Though we’re filling our yaki onigiri with a tuna mayo filling, below are three of my other favourite fillings to use:
This is a similar recipe to tuna mayo, but we use canned salmon instead of tuna, and an additional tbsp of sriracha mixed in to spice it up.
For all my plant-based besties, tofu is the perfect alternative to the canned tuna in my tuna mayo recipe. Simply crumble firm tofu into a bowl with your hands as the protein base. No need to cook the tofu beforehand.
Cheese is not used in traditional onigiri, however, when used in yaki onigiri, it creates an ooey, gooey filling that’ll keep you smiling.
You may use any cheese you’d like, simply shred or cut it into pieces for ease when stuffing. Processed cheese is great for creaminess, whereas a mozzarella cheese gives us the perfect cheese pull.
How to serve Yaki Onigiri:
Yaki Onigiri can be eaten warm or room temperature. To re-heat, simply heat in the microwave with a wet cloth on top.
I will typically eat it packed for lunch with a side of cucumber and carrot sticks. It also makes for the perfect, filling snack to keep you moving throughout the day.
What does Yaki Onigiri taste like?
When you first take a bite you get hit with a slight crisp. As you chew, you reach the soft rice inside, paired with the creamy tuna mayo filling.
There is a distinct smoky and a slight sweet caramelized flavour coming from the sweet soy sauce brushed on top. The Japanese word “koubashi”, describes the flavour perfectly; it gives an aromatic, roasted, and savoury aroma.
Ingredients for Yaki Onigiri
Sushi rice is a marketing term for short/medium grain Japanese rice. You must use this type of rice for the rice balls to hold together.
Nishiki sushi rice is my favourite brand to use.
Sweet soy sauce
Our sweet soy sauce consists of light soy sauce and white granulated sugar.
Some recipes may add sake or mirin, but to make it accessible for all, those ingredients are not necessary.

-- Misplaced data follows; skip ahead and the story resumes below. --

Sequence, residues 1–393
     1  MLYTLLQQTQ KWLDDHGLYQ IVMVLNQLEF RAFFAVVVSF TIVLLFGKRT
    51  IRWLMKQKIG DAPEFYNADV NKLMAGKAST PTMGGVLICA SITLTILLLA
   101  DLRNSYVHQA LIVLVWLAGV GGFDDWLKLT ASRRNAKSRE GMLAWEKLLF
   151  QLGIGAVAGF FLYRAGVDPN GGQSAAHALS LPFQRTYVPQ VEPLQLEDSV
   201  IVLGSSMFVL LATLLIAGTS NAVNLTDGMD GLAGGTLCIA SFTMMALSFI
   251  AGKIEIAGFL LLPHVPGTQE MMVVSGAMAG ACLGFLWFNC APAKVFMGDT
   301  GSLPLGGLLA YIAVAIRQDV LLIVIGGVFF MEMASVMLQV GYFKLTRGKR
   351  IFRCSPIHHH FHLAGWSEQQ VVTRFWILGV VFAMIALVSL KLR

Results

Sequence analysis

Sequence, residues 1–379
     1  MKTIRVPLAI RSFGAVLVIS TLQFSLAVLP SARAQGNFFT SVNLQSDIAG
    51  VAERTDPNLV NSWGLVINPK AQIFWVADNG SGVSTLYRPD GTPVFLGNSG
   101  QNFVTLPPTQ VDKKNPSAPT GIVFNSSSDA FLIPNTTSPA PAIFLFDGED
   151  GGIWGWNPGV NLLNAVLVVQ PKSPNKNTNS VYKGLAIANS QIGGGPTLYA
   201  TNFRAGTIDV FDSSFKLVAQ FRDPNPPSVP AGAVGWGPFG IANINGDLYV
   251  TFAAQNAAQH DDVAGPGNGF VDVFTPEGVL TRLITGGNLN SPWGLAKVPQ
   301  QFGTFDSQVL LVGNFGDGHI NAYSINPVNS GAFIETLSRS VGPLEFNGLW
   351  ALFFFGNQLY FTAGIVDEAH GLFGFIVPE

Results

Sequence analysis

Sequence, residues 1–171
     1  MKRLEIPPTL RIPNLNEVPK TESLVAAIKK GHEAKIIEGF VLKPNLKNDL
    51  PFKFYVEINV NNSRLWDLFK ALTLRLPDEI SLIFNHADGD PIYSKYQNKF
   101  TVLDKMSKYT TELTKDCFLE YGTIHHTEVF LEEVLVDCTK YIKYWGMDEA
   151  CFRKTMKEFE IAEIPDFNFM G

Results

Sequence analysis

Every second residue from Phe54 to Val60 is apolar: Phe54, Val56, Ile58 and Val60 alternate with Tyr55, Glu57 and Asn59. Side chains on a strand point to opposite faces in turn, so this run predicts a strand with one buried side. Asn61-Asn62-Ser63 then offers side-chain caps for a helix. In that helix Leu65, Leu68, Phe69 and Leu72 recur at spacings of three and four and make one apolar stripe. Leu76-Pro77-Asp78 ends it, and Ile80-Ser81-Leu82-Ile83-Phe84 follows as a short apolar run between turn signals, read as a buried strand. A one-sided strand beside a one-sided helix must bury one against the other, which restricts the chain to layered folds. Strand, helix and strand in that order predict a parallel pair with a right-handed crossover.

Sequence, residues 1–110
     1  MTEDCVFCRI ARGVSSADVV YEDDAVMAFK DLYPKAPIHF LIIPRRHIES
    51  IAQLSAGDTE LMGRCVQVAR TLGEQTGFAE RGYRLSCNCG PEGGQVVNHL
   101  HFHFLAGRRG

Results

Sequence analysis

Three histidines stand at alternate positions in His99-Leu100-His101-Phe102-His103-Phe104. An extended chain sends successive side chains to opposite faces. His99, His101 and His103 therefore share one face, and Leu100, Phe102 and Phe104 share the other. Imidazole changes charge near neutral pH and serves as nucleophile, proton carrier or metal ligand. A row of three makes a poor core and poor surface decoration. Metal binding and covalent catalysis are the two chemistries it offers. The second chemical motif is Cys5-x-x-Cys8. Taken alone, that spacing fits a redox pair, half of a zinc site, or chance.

Tuna mayo filling
The filling we will be making today is tuna mayo. It consists of:
Canned tuna is cheap, easy, and filling. The perfect protein of choice for this recipe.
You may also substitute canned tuna with canned salmon, chicken, or even crumbled tofu.
Kewpie mayo is the most popular brand of mayo used in Japanese cooking. It has a strong egg yolk flavour and is more savoury than typical mayo.
You may use a generic brand of mayo if you cannot find Kewpie mayo.
Lemon juice and black pepper
A spritz of fresh lemon juice adds a refreshing touch to the canned tuna, while the black pepper adds a slight bite.
How to make Yaki Onigiri
Make the tuna mayo filling
To a small bowl, add the canned tuna and Kewpie mayo with some black pepper. Mix until well combined.
Stuff the rice balls with filling
In order to prevent our hands from becoming a rice magnet, dip them in some water.
Take a 1/3 cup of rice and compact it into a ball. Then, make a well in the centre of the ball with your fingers, forming it into a rice nest.
Place 1-2 tsps of the tuna mayo into the rice nest and press it down with a spoon or your thumb.
Gradually squeeze the rice rim slowly into the middle, moulding and compacting it into a ball
Form the rice balls in triangular shape